A vintage postcard of Santa Clara Valley's orchards, from my book California Apricots: the Lost Orchards of Silicon Valley, published by the History Press.
I was very discouraged when I wrote the post in February, about the lastest proposal to redevelop the property where my small town has preserved a small Heritage Apricot Orchard for more than half a century.
When I stopped being discouraged, I joined forces with a number of my neighbors and got back to the work of saving it.
This was the fifth proposal since the year 2000 to redevelop the beautiful property that includes our Civic Center, Heritage Orchard, police station, public library, Los Altos History Museum and the Smith House (a legacy building that is another history center), as well as our Hillview Community Center and its adjacent park.
The Los Altos Heritage Apricot Orchard does need maintenance, restoration and intrepretation so that visitors can better appreciate it. Still, even in its present state, it remains a unique asset for a small town to cherish in the increasingly dense Silicon Valley.
This time, a group of us who opposed the development, banded together to write letters to the school district, which hoped to build a school there, and to our city council, the members of which did not have good information on the ordinances passed over the years to protect and preserve the Heritage Orchard.
I knew the Orchard was a City Historical Landmark. I kept insisting that this gave the Orchard protection from development. As it turns out, I was correct in thinking that.
I wrote this book, published by the History Press, hoping to inform newcomers to Silicon Valley about our rich history. The creative work, in turn, enriched my own knowledge of the region, its wonderful people, and the Heritage Orchard that stands at my own City Hall.
At the Los Altos History Museum, I stumbled across a file that listed all the ordinances and resolutions, approved since 1954, that protect the orchard as a City Historical Landmark. Also in the file were copies of some of the ordinances, which showed how complex it would be for anyone in our local government to change the Orchard's size, shape, or status.
Here is an article from our local paper on what that means:
School districts all over the country are very powerful, and it is true here as well. Local citizens here approved a bond last year for $150M dollars for the district to build a new school--with no strings attached. So the district went into the fight with a lot of money: and, it believed lots of support.
The neighbors who opposed this plan did so for a variety of reasons. Saving the orchard was my goal and some made that a priority. Others opposed the new school for reasons of traffic, thrift, hope for a better Civic Center in the future, desire for more park land, hope for a better community center, or because they believe the entire property needs a plan before it is sliced up like a loaf of bread. The idea that one agency of government might bully another over something as scarce as land in this valley was yet another reason for citizens' opposition. We coordinated our speakers so we didn't repeat messages or step on each other and doing so enhanced our message.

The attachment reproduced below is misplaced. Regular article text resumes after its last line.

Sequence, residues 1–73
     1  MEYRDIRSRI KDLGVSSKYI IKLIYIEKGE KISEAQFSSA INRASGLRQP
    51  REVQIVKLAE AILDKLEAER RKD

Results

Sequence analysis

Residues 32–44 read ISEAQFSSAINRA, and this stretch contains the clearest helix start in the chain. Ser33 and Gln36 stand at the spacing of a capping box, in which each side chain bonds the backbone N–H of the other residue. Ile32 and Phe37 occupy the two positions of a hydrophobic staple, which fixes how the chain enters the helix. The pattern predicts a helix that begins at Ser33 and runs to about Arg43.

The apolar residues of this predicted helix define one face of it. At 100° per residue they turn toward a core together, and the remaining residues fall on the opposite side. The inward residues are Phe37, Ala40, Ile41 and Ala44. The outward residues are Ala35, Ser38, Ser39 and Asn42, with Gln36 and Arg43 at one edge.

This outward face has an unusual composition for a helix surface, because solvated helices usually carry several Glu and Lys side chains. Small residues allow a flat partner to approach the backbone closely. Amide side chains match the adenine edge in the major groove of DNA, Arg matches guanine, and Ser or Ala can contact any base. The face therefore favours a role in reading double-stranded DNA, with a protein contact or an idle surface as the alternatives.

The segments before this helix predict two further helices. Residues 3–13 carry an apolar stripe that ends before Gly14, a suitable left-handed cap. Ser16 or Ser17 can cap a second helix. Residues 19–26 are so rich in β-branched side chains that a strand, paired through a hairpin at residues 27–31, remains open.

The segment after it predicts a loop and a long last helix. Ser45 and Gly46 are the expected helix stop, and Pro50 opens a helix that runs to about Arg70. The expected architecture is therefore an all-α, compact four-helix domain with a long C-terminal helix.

We all appeared at the City Council meeting prepared to make our presentations brief and as powerful as possible. Of the fifteen neighbor who spoke, only one disagreed with us and she did so very mildly. So we really did carry the day.
And, in the end, our voices were heard. What a relief it has been to discover, again, that in a democracy, voters pulling together really can still make a difference. Here's the next story from our local paper about how it all came out:
Of course the story does not end there. This piece of property in the heart of our town is slightly more than eighteen acres and that makes it worth an awful lot of money. Builders, developers, realtors and their pals don't see this as a space that contains our local History Museum, City Hall, Youth Center, Police Station, Community Center and several large playing fields, encompassed by our Heritage Apricot Orchard a City of Los Altos Historical Landmark. They see it as an opportunity. With five proposals, just since the year 2000, to redevelop it, we can almost count on more in the months and years ahead.
This billboard is evidence of a 2008-2011 attempt to redevelop our Heritage Orchard. That billboard especially got my goat since billboards are against our zoning ordinances in Los Altos.
But going forward into the future, neighbors are armed with the knowledge of the ordinances the city itself has approved over the years to preserve this beautiful, historic green space. A group of us now plan to work to enlist local leaders to revitalize, restore and renew this unique asset so that it may continue to be enjoyed in the years ahead.
Not everybody understands what this orchard is doing surrounding out local City Hall.
But better care and signage will help our citizens better appreciate this village green at our city's heart.
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